reviewed by Andrew James
First of all, what is a snuff film? Although there's room for debate and argument on the exact definition, which can be interpreted in several ways, the general consensus is that a snuff is any film that depicts a real live human being murdered on screen for the explicit purpose of profit. Some may argue however that a snuff film is any footage of someone being killed - in that loose definition, even something as notorious as the Zapruder film could even be considered snuff. These are some of the types of questions examined in the film.
The opening title shot of this documentary is a giant red WARNING label in which the film maker's warn the audience that there is some shocking footage coming up and this film is not for the faint of heart... "and we're not kidding!" There's no doubt there. Besides being a standard, "talking heads" style of documentary, it's also inter-cut with several clips of not only old obscure, controversial films like Texas Chainsaw Massacre, Faces of Death and Cannibal Holocaust, but also war footage, faked snuff films, news reels and even portions of the journalist beheadings in Iraq. So as the title suggests, definitely "not for the faint of heart."
The subjects interviewed come from all facets of expertise: police, FBI, film makers, historians, cultural media experts and even producer Mark L. Rosen, who recounts a shocking tale of his encounter with whom he claims were Filipinos trying to market a real snuff film through his distribution firm in the 1970's. Even the director and crew (in attendance) admitted that Rosen's story is the lynchpin of their movie and it's obvious why they say that. Sitting in a dark theater listening to the story is jarring and creepy; and obviously quite emotional for Mr. Rosen.
The movie explores a bit deeper into the realm of snuff films than just the nature of their existance; but also the general psyche of why someone would want to pay for such garbage and the deeper implications of government use of snuff and how violence on film is perceived in general within society. This extends to an examination of the current YouTube generation and the "I'm disgusted but fascinated and can't look away" mentality of people today.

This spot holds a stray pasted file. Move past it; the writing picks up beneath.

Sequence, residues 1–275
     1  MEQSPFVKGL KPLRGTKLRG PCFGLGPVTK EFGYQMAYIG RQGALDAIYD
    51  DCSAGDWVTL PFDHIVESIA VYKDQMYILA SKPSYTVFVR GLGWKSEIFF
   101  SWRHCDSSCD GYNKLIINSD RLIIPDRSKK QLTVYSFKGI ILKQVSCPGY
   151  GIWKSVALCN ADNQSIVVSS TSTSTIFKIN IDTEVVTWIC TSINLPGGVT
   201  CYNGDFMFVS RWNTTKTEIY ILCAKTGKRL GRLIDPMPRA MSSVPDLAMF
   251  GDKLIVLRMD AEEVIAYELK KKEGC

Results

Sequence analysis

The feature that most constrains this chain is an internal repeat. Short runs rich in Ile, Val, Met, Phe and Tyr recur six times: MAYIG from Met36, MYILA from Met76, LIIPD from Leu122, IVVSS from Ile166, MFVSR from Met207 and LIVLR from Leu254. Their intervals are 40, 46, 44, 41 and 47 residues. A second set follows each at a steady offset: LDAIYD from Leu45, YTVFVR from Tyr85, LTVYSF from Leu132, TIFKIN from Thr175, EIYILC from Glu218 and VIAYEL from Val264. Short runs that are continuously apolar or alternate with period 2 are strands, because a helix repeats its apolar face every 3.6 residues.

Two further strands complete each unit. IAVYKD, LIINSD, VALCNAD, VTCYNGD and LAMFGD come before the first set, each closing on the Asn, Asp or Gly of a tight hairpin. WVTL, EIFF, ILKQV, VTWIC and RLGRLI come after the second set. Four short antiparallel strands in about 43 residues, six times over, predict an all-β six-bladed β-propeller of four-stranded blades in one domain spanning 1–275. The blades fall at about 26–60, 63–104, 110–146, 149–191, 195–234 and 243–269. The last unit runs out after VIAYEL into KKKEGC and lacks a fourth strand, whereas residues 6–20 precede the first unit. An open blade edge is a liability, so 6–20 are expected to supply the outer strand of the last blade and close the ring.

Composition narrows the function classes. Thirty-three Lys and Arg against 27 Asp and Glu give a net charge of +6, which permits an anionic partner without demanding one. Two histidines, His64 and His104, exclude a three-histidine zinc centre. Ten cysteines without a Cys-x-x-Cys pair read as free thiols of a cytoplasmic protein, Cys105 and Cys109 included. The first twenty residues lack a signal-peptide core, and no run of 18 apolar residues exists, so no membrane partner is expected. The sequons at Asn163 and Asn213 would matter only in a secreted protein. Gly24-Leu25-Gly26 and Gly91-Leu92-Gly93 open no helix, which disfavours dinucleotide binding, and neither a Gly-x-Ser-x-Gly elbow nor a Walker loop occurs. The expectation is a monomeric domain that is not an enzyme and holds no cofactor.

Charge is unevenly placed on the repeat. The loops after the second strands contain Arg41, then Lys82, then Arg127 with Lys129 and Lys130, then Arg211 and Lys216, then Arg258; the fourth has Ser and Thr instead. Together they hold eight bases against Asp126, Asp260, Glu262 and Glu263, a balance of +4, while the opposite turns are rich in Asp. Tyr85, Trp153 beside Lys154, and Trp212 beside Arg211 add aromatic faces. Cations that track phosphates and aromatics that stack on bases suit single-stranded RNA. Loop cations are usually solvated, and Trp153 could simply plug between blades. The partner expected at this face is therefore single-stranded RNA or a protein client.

It's interesting to listen to the differing opinions and reactions of some of the speakers. It's also quite fun to see footage of some old b-movies (that I'd never seen or even heard of) that were thought to actually be real (and hence picketed and banned) but are so obviously fake that it's actually humorous.
The movie goes a little bit off the rails for me for about 10-15 minutes when it heads in the direction of anti-Iraq war preachiness. It's not blatant or "hit you over the head," but it's there none the less and felt a little unnecessary, considering the subject matter of the film - although there is some fairly harrowing/distressing footage of some American soldiers pinned down and under fire.
All in all a fascinating film that although hard to stomach at times, for the most part doesn't just show bloody footage for the sake of exploitation. It's attempting to get to the heart of a subject no one wants to talk about it and it's presented in a manner that's quite well done. The production value is on par with just about any documentary you might find on a "60 Minutes" special with Mike Wallace for example; specifically the score, which is played out eerily at key moments and adds an extra bit of emotional punch to this already heavy film. If you're able to deal with some pretty horrific imagery, I think you'll find a lot to be pleased about with Snuff.